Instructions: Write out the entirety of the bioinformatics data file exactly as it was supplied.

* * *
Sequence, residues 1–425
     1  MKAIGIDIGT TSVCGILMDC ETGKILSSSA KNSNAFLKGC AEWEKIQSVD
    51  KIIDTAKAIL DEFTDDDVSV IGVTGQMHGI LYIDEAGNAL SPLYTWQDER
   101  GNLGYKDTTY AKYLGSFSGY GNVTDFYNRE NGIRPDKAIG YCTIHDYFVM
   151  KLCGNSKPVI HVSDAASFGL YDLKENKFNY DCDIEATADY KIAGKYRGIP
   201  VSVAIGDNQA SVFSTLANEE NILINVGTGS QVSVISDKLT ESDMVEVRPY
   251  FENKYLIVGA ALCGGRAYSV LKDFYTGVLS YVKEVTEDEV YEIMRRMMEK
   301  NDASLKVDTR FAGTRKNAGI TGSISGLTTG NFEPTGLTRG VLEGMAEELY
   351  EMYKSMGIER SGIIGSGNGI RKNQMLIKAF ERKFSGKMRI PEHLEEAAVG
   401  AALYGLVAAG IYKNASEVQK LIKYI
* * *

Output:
Sequence, residues 1–425
     1  MKAIGIDIGT TSVCGILMDC ETGKILSSSA KNSNAFLKGC AEWEKIQSVD
    51  KIIDTAKAIL DEFTDDDVSV IGVTGQMHGI LYIDEAGNAL SPLYTWQDER
   101  GNLGYKDTTY AKYLGSFSGY GNVTDFYNRE NGIRPDKAIG YCTIHDYFVM
   151  KLCGNSKPVI HVSDAASFGL YDLKENKFNY DCDIEATADY KIAGKYRGIP
   201  VSVAIGDNQA SVFSTLANEE NILINVGTGS QVSVISDKLT ESDMVEVRPY
   251  FENKYLIVGA ALCGGRAYSV LKDFYTGVLS YVKEVTEDEV YEIMRRMMEK
   301  NDASLKVDTR FAGTRKNAGI TGSISGLTTG NFEPTGLTRG VLEGMAEELY
   351  EMYKSMGIER SGIIGSGNGI RKNQMLIKAF ERKFSGKMRI PEHLEEAAVG
   401  AALYGLVAAG IYKNASEVQK LIKYI